Read the full interview at GreenBiz.
How She Leads is a regular GreenBiz feature spotlighting the career paths of women with influential roles in sustainable business. In this edition, GreenBiz Managing Editor Barbara Grady chats with Diane Holdorf, Kellogg’s chief sustainability officer and vice president of environmental stewardship, health and safety.
Read the full story in GreenBiz.
Two weeks ago, Kraft Foods Group and H.J. Heinz Company agreed to merge to create a food and beverage monolith valued by some analysts at $49 billion. While the megamerger may cause some investors to rejoice at potential future earnings, it also might put corporate sustainability advocates on watch.
The newly formed food conglomerate will be named The Kraft Heinz Company — the third largest food and beverage company in North America and the fifth biggest in the world. The merger is backed by Warren Buffet’s Berkshire Hathaway, as well as the Brazilian private equity firm 3G Capital.
3G Capital made headlines in recent years for its acquisition of Anheuser-Busch in 2008, as well as acquiring a 70 percent stake in Burger King in 2010. The private equity firm is also known for its authoritarian approach to cost cutting by employing an accounting metric known as zero-based budgeting.
Zero-based budgeting requires employees to justify and analyze each expense they plan to make. The goal is to boost a company’s bottom line by reducing unnecessary waste. It previously was used by 3G Capital when it acquired Anheuser-Busch, relegating employee perks such as tickets to St. Louis Cardinals games and flying first class.
While this accounting technique may result in better margins, it’s worth wondering what will the shift might mean for corporate social responsibility executives expected to justify long-term sustainability initiatives that might not immediately add to the company’s bottom line.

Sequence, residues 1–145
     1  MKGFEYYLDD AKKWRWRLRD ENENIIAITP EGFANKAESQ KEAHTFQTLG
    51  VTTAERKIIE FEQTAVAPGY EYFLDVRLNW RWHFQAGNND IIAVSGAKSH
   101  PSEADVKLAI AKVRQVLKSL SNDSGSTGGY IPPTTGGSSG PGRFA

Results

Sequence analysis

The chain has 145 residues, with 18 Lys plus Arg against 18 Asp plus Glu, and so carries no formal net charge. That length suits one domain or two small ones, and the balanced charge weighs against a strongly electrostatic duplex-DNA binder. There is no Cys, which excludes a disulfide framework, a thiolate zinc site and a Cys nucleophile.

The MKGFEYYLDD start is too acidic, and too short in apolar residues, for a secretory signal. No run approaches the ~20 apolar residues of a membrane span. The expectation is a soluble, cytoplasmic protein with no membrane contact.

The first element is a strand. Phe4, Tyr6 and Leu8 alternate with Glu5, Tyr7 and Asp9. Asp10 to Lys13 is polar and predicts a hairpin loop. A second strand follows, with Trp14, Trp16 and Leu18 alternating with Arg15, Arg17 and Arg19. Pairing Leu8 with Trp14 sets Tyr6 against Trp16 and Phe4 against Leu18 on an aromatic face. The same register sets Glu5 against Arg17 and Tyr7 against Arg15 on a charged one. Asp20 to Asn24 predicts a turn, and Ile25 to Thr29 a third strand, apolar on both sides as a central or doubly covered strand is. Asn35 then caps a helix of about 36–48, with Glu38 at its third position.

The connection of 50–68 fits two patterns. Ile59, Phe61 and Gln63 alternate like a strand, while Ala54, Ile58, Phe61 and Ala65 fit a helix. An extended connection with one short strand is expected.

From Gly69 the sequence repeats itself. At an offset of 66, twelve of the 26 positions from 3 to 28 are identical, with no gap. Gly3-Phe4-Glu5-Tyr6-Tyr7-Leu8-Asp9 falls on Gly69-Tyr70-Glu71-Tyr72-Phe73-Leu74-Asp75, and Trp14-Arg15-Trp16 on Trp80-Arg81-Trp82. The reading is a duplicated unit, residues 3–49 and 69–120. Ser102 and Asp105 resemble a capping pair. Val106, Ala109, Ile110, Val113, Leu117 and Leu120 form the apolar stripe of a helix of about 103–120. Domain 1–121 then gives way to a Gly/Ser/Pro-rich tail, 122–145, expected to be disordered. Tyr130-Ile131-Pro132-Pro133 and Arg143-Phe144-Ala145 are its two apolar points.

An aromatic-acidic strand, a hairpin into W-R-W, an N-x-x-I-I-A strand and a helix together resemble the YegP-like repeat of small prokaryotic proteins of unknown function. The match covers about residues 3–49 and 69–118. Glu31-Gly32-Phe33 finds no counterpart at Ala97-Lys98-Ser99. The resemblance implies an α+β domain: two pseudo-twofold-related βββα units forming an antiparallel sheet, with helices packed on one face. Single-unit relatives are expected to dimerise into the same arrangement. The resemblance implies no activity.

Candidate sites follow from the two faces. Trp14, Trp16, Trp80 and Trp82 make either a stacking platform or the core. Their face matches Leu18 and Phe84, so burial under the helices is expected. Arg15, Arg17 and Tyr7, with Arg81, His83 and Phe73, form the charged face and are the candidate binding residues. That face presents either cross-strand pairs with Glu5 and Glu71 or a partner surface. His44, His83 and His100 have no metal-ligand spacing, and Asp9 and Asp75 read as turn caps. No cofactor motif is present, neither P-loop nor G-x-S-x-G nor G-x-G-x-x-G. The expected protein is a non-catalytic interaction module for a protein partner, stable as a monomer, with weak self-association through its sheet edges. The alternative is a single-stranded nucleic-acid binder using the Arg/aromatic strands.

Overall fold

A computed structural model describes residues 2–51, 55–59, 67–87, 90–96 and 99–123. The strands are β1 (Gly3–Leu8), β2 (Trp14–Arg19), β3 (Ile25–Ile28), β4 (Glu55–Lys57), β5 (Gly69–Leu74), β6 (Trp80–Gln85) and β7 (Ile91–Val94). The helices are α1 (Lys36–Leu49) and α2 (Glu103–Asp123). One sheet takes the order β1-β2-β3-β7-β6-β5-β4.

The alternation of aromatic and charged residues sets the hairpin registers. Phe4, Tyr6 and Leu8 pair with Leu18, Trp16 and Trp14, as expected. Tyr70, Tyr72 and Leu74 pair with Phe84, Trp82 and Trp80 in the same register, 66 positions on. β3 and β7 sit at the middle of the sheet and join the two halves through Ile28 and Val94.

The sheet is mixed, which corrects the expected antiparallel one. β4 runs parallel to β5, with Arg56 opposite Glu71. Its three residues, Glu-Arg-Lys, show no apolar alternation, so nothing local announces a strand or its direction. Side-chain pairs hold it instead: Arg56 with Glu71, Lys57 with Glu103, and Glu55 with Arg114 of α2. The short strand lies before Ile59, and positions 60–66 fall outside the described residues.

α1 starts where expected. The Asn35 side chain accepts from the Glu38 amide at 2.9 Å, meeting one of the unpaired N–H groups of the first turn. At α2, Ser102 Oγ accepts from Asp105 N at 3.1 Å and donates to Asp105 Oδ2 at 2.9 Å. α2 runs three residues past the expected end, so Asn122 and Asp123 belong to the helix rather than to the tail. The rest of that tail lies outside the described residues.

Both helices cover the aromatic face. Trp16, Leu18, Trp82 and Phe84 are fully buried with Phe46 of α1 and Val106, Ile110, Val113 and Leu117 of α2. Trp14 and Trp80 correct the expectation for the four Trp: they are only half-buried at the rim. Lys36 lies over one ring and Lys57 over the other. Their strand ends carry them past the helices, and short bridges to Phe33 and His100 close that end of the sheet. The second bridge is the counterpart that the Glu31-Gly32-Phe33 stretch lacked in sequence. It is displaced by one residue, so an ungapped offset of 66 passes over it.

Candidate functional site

Read the full story in GreenBiz.
As increased emphasis on sustainability transforms the way businesses manage economic, environmental and social risks, individual companies are seeking out new ways to gain global competitive advantages and achieve long-term stakeholder value.
Bacardi, the world’s largest privately owned spirits company with some 200 brands in its portfolio, provides one example of how that process is playing out with is premium gin offering, Bombay Sapphire.
Read the full story in the Huffington Post. And lift a real green beer to celebrate St. Patrick’s Day.
A group of 24 brewers from across the country have come together to cut greenhouse gas emissions from their operations and call for strong national action to address climate change.
The breweries, which include Smuttynose Brewing Company, Guinness and Allagash Brewing Company, have signed onto the Climate Declaration organized through the sustainable business group Ceres. The declaration pledges that each company will take its own action to reduce emissions from its business, and will also support political action at the national level.
Read the full story from the University of Wisconsin.
With exploding consumer demand for Greek yogurt, production is up. That’s great for food companies’ bottom lines, but it also leaves them dealing with a lot more acid whey, a problematic byproduct of the Greek yogurt-making process.
Acid whey, if not properly disposed of, can cause environmental problems. Currently, companies typically pay to landspread it on farmers’ fields or dump it down the drain. Some plants are starting to send it to anaerobic digesters, where it’s fermented to produce methane.
Scientists at the University of Wisconsin-Madison are developing a better option — one that will transform this trash into treasure.
Read the full story in The Guardian.
Europe’s growing craft beer movement cuts down on beer miles, provides jobs and creates demand for local ingredients.
Read the full story in CityLab.
Leave it to Colorado to dream up a greener beer: The city of Boulder is teaming up with Avery Brewing Company to use weak wort—a sugar-water brewing byproduct—to help treat municipal wastewater.
In a state with many breweries and some of the nation’s stricter clean-water regulations, it’s a winning approach that both city and brewery hope others will replicate.